The alarm went off early, too early for me, and I was surprised I had even been able to fall asleep the night before. It was like the anticipation before leaving on a long-awaited vacation, but a lot worse. I got out of bed, dressed and we drove from the hotel in Trevose to the hospital in Bristol. We got there just before 9AM.
Typical hospital admission: ID, credit card, paying even more money, wristband.
I went to another wing of the hospital and had some blood drawn for some labs. I sat there for what felt like hours, all alone, wondering when someone would remember me. It was only twenty minutes. The phlebotomist pinched me as the needle went in– the most painless experience I’ve ever had with a needle, though I did get a big bruise from it later.
After the blood draw, we went upstairs to a waiting room, and after about five minutes, a nurse brought us back to a pre-op prep area. I took off my clothes, put on the gown, the socks with the grippy stuff on the bottom, a bathrobe. We waited for at least an hour while the morning surgery finished up. To keep me occupied, my friend Melynda and I watched Nom nom nom nom babies for about the eightieth time. It’s not a work of musical genius, but it made me laugh and helped keep my mind from jumping into the deep end of anxiety.
Shortly after 12, the nurse came in. The morning surgery had been finished and now it was my turn. She took me to the surgical prep area: I got a bed, they started my IV, gave me an anti-coagulant and put compression stockings on my legs. There were all the usual consent forms, the one from the surgeon I signed before she even finished reading it to me. I wasn’t about to back out at this point. After all the busy work, I was just waiting to get wheeled into the OR and I started tearing up. I’ll be honest– I was scared. I was afraid of how much things would hurt after, afraid that I’d wake up in the middle of the fucking thing, and well, just afraid. This was a big step and I was laying there, all alone. One of the OR nurses came over to me and asked how I was, handed me a tissue and talked and joked with me to help keep my mind off it. I can’t, for the life of me, remember his name, but that had to have been one of the most valuable services I think I’ve ever received from a nurse and words fail me in trying to express my gratitude for his kindness.
After a couple more minutes, around 1:15, the anesthesiologist came back, pushed something into my IV, and that’s all I remember.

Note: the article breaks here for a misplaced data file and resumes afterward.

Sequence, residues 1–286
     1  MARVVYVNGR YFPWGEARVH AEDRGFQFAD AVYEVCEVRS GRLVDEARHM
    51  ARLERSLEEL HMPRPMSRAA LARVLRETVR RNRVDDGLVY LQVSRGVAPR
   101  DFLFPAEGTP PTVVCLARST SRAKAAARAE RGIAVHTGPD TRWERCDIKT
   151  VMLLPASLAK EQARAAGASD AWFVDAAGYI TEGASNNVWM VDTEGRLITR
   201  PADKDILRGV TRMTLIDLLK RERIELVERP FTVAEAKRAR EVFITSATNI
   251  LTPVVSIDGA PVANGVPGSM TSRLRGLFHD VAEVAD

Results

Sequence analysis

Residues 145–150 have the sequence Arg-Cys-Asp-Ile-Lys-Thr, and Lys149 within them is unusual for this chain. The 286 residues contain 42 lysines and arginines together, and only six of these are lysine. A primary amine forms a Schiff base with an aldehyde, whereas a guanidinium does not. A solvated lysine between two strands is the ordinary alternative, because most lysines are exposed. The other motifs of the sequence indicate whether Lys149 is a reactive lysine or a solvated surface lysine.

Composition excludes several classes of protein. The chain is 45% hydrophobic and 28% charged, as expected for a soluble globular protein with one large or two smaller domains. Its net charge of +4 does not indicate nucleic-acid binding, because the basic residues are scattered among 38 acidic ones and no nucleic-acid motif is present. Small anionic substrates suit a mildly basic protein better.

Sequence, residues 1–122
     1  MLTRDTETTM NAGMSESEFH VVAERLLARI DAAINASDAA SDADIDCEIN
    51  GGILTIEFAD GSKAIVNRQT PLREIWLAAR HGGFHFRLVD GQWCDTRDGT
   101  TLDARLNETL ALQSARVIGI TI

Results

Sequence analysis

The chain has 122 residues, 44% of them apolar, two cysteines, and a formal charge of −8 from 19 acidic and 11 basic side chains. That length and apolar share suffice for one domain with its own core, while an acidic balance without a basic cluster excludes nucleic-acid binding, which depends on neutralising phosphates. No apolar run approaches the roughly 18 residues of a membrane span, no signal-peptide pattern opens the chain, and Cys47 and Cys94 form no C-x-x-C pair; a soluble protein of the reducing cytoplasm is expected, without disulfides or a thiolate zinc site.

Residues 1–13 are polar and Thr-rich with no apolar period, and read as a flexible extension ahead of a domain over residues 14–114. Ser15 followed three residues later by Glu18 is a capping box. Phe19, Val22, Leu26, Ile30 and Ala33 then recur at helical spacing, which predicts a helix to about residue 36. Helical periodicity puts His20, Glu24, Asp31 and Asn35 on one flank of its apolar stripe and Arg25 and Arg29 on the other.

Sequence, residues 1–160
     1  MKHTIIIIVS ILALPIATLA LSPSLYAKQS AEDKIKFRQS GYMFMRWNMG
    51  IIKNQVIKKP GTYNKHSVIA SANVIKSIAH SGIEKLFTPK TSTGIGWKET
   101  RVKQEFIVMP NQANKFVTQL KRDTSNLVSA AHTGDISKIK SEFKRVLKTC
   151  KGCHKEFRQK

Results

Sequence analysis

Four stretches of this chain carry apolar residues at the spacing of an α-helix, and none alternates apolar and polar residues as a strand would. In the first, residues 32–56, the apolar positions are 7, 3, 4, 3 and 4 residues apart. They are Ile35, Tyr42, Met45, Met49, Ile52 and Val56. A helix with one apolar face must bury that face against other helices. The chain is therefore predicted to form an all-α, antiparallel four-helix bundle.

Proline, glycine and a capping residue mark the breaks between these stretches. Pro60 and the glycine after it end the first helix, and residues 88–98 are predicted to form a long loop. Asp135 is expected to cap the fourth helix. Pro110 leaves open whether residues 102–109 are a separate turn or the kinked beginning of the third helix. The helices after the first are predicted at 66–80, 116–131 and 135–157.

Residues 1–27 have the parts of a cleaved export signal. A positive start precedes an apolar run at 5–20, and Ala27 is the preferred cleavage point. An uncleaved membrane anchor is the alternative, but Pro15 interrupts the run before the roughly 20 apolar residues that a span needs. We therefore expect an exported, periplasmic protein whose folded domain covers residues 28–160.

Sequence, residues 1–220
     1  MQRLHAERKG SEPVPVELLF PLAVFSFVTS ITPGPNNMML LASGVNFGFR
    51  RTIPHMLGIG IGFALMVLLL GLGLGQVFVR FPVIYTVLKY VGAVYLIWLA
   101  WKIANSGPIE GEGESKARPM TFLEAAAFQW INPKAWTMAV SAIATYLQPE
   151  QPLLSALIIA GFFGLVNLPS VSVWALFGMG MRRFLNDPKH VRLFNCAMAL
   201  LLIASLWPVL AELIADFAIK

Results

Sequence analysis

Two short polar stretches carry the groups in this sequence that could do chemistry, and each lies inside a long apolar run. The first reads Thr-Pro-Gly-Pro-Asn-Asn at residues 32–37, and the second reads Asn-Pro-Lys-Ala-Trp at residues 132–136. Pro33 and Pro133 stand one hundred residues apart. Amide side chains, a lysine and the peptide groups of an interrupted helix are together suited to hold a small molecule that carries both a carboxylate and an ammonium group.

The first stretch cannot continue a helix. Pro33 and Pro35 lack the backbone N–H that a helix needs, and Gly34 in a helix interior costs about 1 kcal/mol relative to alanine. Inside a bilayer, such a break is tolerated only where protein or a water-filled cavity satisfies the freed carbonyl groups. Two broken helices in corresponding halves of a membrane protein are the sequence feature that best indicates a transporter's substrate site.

I woke up around 5:15 (the only reason I remember the times is that there was a clock facing me) in a recovery room. I couldn’t really feel anything, the way it always is when you wake up after sleeping– nerves slowly start waking back up and you can start moving your hands and arms and head. The surgeon was there, and she told me not to move my legs, or even try. Based on the kind of surgery, they didn’t want the area to get compressed or squished by my thighs, nor any stress placed on any of the muscles or stitched incisions. So I laid there. I had a vague feeling of cold around my crotch– ice packs, but not much else. I was there for maybe 15 or 30 minutes, just long enough to fully wake up, and they wheeled me to my room.
Christine and Melynda were there, a nurse hooked up my IV, and I got my morphine drip. I had an Ensure milkshake-thing, those protein drinks that keep you alive when you can’t really eat solid food. I tried watching movies– I actually felt pretty decent, but then pain would creep up, I’d press the button, and the morphine would knock me right out.
I had the morphine until Wednesday, and I remember very little of that time. I’m pretty sure I talked to Christine about several things, including getting a puppy, but I think I hallucinated most or all of that conversation. I was on twitter, too, but I have no idea whether any of what I said over those days was even intelligible.
In the periods of lucidity, despite the pain medication, despite the bandages, despite the packing in my vagina, despite the not hardly moving at all, I could feel that things were different. I couldn’t tell exactly how different, but I did know that there wasn’t a penis attached to my body anymore. A few nerves woke up, nerves that used to be on the outside and were now on the inside of my body. It was weird, but not necessarily in a bad way.
On Wednesday, I was able to get up and walk around the floor of the hospital where my room was– one turn around the perimiter of the nurses’ station, what would take a person about 30 seconds, took me nearly ten minutes on a walker. But I was up, walking and feeling mostly good.
I was reluctant to take the Vicodin they were giving me due to my history with it. I can’t really explain, other than to say that the thought of taking Vicodin again was about as unpalatable to me as chewing Tylenol. I started having problems with nausea, which I think, was at least partly due to the pain– not taking any pain medication just ended with me feeling achy and lousy all over and it seems one of the side effects of that was that it became very hard to keep food down.
By the time I was discharged Friday afternoon, I’d not had any solid food for a week, but at least the nausea was starting to subside. I managed to get into a wheelechair, and from the wheelchair to the car without too much pain, but the car ride back to the hotel was pure agony. It was very uncomfortable to sit (I’m sure you can imagine), and those inflatable donut cushions didn’t really provide support in the places I needed it, so I balanced, somewhat precariously on several pillows. When we made it to the turnpike, I found myself in the worst traffic jam I’ve ever seen– parts of the road were shut down for construction.
Having not been on any pain medications, and not being terribly comfortable to start with, sitting in stop and go traffic for thirty minutes was horrible. And we’d only gone about one mile. We had about six more to go. I started crying. My pain levels had gone up and thinking of sitting in the car for several hours was enough to make me lose my shit. Christine, completely out of ideas, started driving down the shoulder of the highway, cutting back into traffic as necessary. All told, the drive back to the hotel, which should have taken about 16 minutes, took over an hour and a half.